The year 2014 ended, for me, with a 2-week-long dive into Federated Wiki Happening (#FedWikiHappening & #FedWiki). With a full house here at home for the Christmas/New Year holidays (a rare and treasured occurrence these days), throwing my hat into the #FedWikiHappening ring for the last two weeks of December seemed a bit optimistic (reckless?) on my part, but despite having limited time it was Oh so worth it. Enormous thanks to Mike Caulfield for inviting me and others to take part, and for his and Ward Cunningham’s work in making it not just possible but a lively and messy, even passionate, exploration of federated wiki collaboration.
Smallest Federated Wiki is the work of Ward Cunningham. At its simplest, the notion of federated wiki moves beyond the “consensus engine” of wikis like Wikipedia, where individual contributions on a particular topic cohere towards one accepted, canonical version. In a federated wiki, you write as you wish, adding your own pages to the wiki, and forking and editing pages created by others.
The radical idea of the wiki was to put an edit button on every page. The radical idea of the federated wiki is to put a “fork” button on every page. Cunningham’s vision is that you will have your own wiki, perhaps several wikis. When you see a page on someone else’s federated wiki that you want to edit, you can click “fork,” and the page is copied into your own wiki where you can edit it. The owner of the original wiki can then decide whether to merge your changes into the original page. [source]
A significant feature of a federated wiki is that different versions of ideas (pages) can exist simultaneously, with connections and conversations occurring between them, either in the wiki itself or in the wider social media ecosystem, e.g. Twitter, blogs, etc.
My introduction to the federated wiki concept came only recently, through a series of wonderful blog posts by Mike Caulfield (especially this one). The posts seemed to me a kind of deep thinking out loud about identity, networks, cooperation, collaboration and knowledge creation. The posts sparked thinking and conversations amongst quite a few people and some of us ended up participating in Federated Wiki Happening. Mike’s “health warning” at the start of FedWiki Happening was that Federated Wiki is hard to learn, easy to use. I’m not sure I got to the “easy to use” part, but I sure learned a hell of a lot.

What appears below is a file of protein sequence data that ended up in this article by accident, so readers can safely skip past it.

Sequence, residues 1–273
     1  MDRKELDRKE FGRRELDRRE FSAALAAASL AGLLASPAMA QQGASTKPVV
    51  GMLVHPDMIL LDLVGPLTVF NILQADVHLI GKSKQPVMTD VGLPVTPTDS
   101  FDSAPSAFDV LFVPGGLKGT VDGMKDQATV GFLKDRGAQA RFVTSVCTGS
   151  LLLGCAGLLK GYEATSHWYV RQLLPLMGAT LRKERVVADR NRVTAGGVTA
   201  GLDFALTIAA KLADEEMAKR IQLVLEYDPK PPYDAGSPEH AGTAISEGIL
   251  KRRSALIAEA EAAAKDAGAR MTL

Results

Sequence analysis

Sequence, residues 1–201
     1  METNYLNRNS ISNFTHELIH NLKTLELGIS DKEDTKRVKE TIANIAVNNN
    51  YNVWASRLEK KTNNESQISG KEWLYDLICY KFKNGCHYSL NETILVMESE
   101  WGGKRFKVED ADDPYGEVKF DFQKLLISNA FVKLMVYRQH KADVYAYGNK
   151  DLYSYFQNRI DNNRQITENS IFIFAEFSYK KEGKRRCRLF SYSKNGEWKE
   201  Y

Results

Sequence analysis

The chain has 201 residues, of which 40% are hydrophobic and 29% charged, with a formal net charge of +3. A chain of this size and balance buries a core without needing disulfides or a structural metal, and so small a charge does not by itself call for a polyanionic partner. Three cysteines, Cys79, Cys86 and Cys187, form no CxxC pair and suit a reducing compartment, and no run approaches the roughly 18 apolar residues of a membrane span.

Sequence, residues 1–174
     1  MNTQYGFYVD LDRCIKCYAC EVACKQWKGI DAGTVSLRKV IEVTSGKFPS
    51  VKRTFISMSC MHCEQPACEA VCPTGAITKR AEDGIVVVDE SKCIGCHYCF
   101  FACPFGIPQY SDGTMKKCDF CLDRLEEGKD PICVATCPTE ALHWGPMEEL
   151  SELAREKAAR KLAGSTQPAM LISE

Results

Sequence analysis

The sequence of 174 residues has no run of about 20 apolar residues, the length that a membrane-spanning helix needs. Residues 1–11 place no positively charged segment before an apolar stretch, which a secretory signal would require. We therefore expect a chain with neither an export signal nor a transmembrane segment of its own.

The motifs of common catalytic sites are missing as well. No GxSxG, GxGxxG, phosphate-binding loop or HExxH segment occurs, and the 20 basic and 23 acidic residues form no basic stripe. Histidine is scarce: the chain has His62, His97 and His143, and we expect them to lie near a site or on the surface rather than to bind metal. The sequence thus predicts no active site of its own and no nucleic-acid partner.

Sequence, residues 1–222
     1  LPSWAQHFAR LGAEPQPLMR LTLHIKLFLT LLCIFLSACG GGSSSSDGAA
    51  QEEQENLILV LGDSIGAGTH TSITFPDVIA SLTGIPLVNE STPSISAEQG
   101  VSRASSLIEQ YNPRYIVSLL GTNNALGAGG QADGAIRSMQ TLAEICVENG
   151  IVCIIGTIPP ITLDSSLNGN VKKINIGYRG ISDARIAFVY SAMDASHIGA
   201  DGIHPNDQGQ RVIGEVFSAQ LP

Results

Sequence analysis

So many possibilities have arisen in my mind as a result. My existing social media ecosystem – Twitter, blog, Flickr, etc. — seems now less than what it could be. I don’t think federated wiki will replace these identity-driven networks, but it could provide a unique space for idea generation and idea mining. My thinking is running along the lines of how might I/we use federated wiki in learning and teaching? Doing this seems both challenging and important to me, and I hope to continue some of those discussions with others over the next few months.
Most of my reflections on federated wiki at this moment, immediately after #FedWikiHappening, are circling around the ideas of identity, authorship, communication and voice.
When FedWiki Happening began, each participant was visually represented in the wiki by a simple but unique square, a gradient of two colours. Early on, based on the preferences of many of the participants, personal avatars were added so that individual contributors could be readily identified – contrary to the wiki convention of discoverable but not obvious. This seemingly simple change reflected deeper thinking about identity and collaboration. How important is it to know who has written a particular passage? Is this an absolute judgment or is it contextual? Are we carrying our existing biases (from identity-based social networks) into the wiki or might it be possible, even preferable, to leave behind the typical notions of authorship/ownership – while still leaving traces as to the original authors of particular words and ideas within the wiki? John Udell explored this in an excellent blog post Individual voices in the Federated Wiki chorus (and subsequent comments).
Notwithstanding the addition of our avatars, my belief is that we always write who we are. When writing in a personal, yet potentially multi-authored, wiki we may in fact be more rather than less free to write authentically. As Mike Caulfield writes in A Kinder, Gentler Attention Economy: